As much as we try to instil healthy habits into our families, there are still loads of nasties that we're exposed to all the time; and often we don't even notice them. Perhaps you haven't thought much about it before. Or perhaps you have, but the idea of making changes is all a bit overwhelming. Alexx Stuart is the author of Low Tox Life: A Handbook For a Healthy You and a Happy Planet, and she says the best way to make a change it to be curious about what certain products you consume actually do to your body.
What is a ‘low tox life’?
“What it means for me on a really personal level, and why I came up with that term, is a life where I’m minimising environmental toxin exposure,” Alexx explains. She’s made a change in the clothes, furniture, cleaning products and foods that she purchases in order to reduce the unavoidable toxins we’re around every day.
There are four pillars that she’s defined for this sort of lifestyle; food, body, home and mind. The last one is particularly important, and Alexx assures you that making these changes is nothing to stress over.
Listen to Alexx on Kinderling Conversation:
“You can be stressed out to the nines about whether you're doing it right … I just think stress will kill us faster than anything,” she says. Over time, become a bit more conscious, curious and aware of what’s going into the four pillars in your life, and we can all really understand what we’re using.
So, what sort of things can we easily change in the busyness of life with small kids? Alexx shares a few easy swaps that could help you on your way.
1. One thing at a time
Try swapping out one thing per month, that way you don't get too overwhelmed and just give up. Maybe there’s one packaged food that you could simplify, or one cleaning product to switch to something more natural.
“We're so busy that half the time we just don't even stop to think about what actually makes sense,” Alexx says. “Really the key is that you actually think about how this matters to you.”
Think about what matters to you first. If you’re changing based on what someone else says you ‘have’ to do, it won’t stick. Consider what aspect of reducing toxins and waste strikes a chord with you most, and start there. That’s where you're going to have the most traction. After all, if we're enthusiastic about something, we approach it with motivation: This increases the chances of actually making positive changes and sticking to them.
When it comes to food, you should go back to basics. Alexx suggests that instead of purchasing a spreadable cheese snack with crackers (which are only made with 50 percent cheese for some reason, and have over 20 ingredients!), go back to buying a block of cheese and a box of crackers. Often purchasing real, non-packaged food is not only cheaper, but also has less additives too.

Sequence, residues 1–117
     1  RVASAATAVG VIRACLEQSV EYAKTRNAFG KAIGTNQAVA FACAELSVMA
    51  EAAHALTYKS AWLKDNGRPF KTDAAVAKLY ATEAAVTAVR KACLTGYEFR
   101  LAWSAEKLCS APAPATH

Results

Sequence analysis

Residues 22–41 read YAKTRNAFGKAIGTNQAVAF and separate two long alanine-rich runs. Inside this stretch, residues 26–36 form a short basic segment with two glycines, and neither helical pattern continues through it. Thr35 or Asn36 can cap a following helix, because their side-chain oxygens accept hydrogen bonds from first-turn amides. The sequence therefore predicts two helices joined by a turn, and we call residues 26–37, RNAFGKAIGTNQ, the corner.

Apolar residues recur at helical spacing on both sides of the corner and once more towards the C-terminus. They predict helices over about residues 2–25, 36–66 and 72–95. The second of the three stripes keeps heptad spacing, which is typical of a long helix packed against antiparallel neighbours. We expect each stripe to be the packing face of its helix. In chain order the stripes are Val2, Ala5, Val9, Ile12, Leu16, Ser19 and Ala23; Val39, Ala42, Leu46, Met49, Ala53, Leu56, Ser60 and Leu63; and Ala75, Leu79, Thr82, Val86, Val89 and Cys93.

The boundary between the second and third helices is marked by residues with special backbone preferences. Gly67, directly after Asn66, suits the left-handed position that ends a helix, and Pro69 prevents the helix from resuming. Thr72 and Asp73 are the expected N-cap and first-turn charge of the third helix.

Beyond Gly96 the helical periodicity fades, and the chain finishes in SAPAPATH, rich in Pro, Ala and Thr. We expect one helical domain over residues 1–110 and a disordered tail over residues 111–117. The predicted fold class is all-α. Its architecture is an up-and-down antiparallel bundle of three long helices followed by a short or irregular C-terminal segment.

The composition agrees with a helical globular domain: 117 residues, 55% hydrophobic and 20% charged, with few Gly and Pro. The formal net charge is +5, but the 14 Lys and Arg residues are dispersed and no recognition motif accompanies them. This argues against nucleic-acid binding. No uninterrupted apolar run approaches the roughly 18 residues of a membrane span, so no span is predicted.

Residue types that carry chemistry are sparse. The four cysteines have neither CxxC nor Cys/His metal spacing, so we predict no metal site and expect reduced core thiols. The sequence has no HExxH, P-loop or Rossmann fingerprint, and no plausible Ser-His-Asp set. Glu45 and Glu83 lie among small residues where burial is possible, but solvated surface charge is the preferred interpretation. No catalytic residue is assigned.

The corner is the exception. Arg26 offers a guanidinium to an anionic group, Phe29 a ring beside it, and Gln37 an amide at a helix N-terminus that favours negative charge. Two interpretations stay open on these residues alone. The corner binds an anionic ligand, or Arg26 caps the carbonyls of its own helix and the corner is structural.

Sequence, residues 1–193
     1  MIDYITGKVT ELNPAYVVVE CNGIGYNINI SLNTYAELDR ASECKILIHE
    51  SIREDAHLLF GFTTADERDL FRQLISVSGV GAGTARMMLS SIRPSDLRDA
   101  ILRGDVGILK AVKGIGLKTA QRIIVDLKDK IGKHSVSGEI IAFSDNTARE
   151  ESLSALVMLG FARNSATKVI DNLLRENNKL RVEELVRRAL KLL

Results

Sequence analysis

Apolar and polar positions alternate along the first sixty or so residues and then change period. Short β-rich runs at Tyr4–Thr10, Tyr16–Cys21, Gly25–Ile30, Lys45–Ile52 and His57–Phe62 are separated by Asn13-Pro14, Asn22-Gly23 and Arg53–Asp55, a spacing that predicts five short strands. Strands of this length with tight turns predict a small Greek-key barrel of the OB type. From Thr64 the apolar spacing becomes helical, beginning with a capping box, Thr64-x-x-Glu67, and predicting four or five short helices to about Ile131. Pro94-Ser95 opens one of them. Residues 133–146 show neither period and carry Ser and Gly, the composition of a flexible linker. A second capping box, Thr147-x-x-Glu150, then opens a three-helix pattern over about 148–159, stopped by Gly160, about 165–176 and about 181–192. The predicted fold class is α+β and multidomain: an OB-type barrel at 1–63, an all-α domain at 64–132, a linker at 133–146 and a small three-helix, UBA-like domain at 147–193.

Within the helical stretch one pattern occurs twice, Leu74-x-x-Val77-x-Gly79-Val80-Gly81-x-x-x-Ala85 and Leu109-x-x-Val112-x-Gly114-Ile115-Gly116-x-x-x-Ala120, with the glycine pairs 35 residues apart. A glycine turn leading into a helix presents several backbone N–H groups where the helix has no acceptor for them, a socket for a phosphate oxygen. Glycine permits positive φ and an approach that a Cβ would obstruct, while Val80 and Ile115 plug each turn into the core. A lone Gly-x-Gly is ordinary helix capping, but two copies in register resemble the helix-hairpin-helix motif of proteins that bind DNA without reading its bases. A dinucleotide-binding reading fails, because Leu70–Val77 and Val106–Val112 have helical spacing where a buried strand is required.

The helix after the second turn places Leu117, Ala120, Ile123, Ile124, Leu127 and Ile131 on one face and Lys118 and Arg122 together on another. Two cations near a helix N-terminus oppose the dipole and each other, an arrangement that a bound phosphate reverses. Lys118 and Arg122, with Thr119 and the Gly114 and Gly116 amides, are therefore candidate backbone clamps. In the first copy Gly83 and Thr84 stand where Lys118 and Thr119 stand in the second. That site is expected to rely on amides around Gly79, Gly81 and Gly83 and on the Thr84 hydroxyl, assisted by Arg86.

A lot of the time we give food to kids in plastic containers, bowls or plates. There's nothing wrong with that right?
Without sounding too alarmist Alexx has some news to share about using these.
“The issue with [plastic dinnerware] is quite often it's hot things going into them and there's a lot of research around leeching,” Alexx says. She suggests not using plastic in the microwave, as toxins from the plastics leeches into the food.
Instead, Alexx suggests heading to a local camping shop and purchasing good enamelware that’s not going to break when it’s dumped on the floor.
“It's cheap as well but it gets a child used to something that feels like a crockery plate,” Alexx says. “We dumb kids down and that can be a disservice to their own development.”
4. Birthday parties
Something we're all prone to is a plastic overload when it comes to kids' birthday parties! From the cups and plates, to the balloons as decorations, there are lots of things that could be avoided for our health - and the health of the environment.
“The key is over the next couple of years, give yourself a couple of different aspects of a party to focus on. If you're having the party at home you can just do an easy switch to paper plates,” Alexx suggests. “Or you could actually just not have plates. So often the type food that you serve doesn't even require a plate. Just let people pick from the table and put it in their mouths.”
Instead of using balloons, use some paper or material bunting, which are just as colourful and last for years.
Another nice idea for reducing the amount of food you buy in bulk, ask a few of your parent friends to bring a plate to the party.
“Plus there's a community spirit in that, there's opportunity for you not to have to be the martyr doing everything for the party and people really enjoy being involved and feeling like they helped,” Alexx says.
5. Cleaning products
When it comes to keeping our homes clean, while our floors are clean we spare little thought for what those products are doing to the rest of our immediate environment. Alexx says this is one of the biggest problems people face when they’re trying to reduce the toxins around them.
“As a cleaning company you don't even need to disclose what ingredients are in your products by law because of trade secret marketing,” Alexx reveals. “I'm a big believer in just emailing companies just saying can I see your safety data sheet? Can I see a full listing of ingredients? But if you don't want to do that then there are a couple that are great.”
Alexx says Ecostore and Aware by Planet Ark are easy-to-find alternatives to the toxic chemicals in normal cleaning products. She also warns against companies that claim to be organic, but are not certified. You can find a full list of Planet Ark endorsed cleaning products on their website.
“You can say the word organic on your front packaging but only need to have 10 percent organic ingredients,” she explains. “So certification really does count for something in these situations.”
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